When women become pregnant their bodies change. Even aside from the obvious, they experience paradigm shifts in chemistry, metabolism and appearance. Curly hair goes straight. Pale complexions might turn a bit olive. The eyes change shape and nearsightedness develops. She may come down with a temporary case of diabetes.
Apparently it happens to men, too, when their wives are pregnant. But maybe only in the ears. Take it from at least one reliable source that mainstream music starts to sound too polished and too produced, too big and too bold. The timid and unsteady vocals rampant in indie rock become art forms all their own. The scaled-back productions are agreeable at the molecular level. Perhaps most odious, you start to appreciate the sound of … the accordion!?
It has been four and a half years. This happy new condition seems irreversible.
But Xtina & Co. should not despair. The song is the thing. We don’t simply wave you off subjectively, sight unseen. If you produce good music, we’ll buy your album. And today we’re buying Seether.
Seether fans (and there are a few, if record sales are any measure) will dispute the assumption that the post-grunge outfit is mainstream. But don’t let the mohawks and lip rings fool you: those soaring growls and walls of sound and trips to rehab are what pay the bills anymore. Their latest LP Finding Beauty in Negative Spaces debuted at #9 on Billboard’s Top 200 and has sold over one million copies. Karma and Effect is certified Platinum worldwide. Their music appears on one of the Guitar Hero permutations, for the love of Mike.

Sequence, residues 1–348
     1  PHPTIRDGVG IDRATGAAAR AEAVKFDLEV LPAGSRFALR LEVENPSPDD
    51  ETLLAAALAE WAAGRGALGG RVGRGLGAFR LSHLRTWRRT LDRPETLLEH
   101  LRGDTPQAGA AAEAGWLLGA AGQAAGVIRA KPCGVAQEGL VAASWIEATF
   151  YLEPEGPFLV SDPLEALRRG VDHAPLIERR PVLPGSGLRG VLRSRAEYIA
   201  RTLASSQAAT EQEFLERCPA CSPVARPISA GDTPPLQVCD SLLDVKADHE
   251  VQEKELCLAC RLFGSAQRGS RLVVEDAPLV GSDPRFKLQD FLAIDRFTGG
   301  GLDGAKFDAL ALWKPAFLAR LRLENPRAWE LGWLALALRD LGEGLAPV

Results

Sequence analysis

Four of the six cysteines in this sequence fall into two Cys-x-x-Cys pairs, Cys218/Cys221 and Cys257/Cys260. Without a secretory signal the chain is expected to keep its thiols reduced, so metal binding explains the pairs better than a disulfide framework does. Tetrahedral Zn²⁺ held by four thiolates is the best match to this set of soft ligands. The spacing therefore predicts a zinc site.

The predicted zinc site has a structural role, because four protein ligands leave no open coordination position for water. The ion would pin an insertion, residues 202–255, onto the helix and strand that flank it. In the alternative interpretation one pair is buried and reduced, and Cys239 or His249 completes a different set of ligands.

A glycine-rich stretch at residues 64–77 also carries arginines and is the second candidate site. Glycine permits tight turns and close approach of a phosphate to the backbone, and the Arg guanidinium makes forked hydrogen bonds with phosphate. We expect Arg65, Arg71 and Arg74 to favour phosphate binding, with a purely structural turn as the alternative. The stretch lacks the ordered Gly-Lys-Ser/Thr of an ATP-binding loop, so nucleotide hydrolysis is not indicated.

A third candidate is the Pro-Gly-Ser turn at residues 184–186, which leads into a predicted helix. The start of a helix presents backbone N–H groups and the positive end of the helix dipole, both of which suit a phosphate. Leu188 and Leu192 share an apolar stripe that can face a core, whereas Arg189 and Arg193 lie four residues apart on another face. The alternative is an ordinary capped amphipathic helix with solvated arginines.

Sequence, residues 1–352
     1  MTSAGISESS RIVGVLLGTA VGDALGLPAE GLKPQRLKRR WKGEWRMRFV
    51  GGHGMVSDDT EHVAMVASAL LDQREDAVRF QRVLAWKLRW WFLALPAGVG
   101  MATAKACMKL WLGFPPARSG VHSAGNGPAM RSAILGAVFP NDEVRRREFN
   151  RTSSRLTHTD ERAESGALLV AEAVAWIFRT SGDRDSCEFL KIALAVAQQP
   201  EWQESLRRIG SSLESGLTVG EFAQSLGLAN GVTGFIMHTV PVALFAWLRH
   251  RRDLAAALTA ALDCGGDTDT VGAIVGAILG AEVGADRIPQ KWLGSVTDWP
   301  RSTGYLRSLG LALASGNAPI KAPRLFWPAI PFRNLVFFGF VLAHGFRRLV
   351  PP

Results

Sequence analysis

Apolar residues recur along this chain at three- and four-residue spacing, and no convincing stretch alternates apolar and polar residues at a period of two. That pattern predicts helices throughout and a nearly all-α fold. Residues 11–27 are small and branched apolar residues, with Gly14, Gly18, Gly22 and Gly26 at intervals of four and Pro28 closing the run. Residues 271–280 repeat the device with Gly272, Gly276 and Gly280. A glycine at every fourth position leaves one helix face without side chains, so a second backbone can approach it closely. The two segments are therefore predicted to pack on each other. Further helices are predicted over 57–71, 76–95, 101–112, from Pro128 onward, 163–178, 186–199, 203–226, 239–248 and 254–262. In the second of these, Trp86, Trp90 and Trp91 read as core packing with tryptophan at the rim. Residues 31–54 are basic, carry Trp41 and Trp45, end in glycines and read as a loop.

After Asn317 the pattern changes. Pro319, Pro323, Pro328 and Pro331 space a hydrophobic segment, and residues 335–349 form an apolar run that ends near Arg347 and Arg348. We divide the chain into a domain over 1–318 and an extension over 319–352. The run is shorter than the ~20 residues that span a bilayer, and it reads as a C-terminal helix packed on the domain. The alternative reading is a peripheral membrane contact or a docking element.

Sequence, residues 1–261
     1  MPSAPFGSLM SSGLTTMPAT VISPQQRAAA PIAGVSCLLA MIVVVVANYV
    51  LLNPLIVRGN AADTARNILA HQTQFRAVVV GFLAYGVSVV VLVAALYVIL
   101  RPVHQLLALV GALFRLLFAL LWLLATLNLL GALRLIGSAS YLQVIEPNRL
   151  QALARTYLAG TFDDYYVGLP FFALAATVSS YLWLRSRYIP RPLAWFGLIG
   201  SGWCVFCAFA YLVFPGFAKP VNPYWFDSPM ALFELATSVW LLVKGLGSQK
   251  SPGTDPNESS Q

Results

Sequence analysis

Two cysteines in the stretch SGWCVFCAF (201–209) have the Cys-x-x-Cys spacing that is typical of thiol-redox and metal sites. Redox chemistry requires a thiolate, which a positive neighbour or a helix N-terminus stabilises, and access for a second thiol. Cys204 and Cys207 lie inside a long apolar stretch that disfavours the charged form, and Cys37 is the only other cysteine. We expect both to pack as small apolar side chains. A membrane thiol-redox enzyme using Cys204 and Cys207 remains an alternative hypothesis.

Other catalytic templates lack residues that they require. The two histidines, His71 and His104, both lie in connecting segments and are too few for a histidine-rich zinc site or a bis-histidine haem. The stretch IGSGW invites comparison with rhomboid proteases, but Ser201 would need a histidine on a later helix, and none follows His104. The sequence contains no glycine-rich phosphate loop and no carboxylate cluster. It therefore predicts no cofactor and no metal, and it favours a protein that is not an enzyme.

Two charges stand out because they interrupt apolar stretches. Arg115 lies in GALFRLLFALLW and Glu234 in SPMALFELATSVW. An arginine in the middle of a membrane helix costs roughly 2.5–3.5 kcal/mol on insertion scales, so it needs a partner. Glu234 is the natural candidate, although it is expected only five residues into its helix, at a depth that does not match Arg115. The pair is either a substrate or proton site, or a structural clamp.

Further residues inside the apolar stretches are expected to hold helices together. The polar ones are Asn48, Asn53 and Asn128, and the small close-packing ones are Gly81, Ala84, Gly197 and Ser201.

But don’t let all the record sales fool you. These guys are good. Really good.
The story behind “Rise Above This” is both moving and ironic. The video hints at the track’s inspiration. If it’s still too subtle, wait for the end:
Suffice to say Shaun Morgan’s grimace is not an act.
Seether has also broken hard rock’s long streak of Really Bad Covers (video is still images only; not an official release):
But my favorite track is the near-epic “No Jesus Christ,” an over-the-top lover’s lament if ever there was one. (Morgan is on record saying the ex in question was not Amy Lee):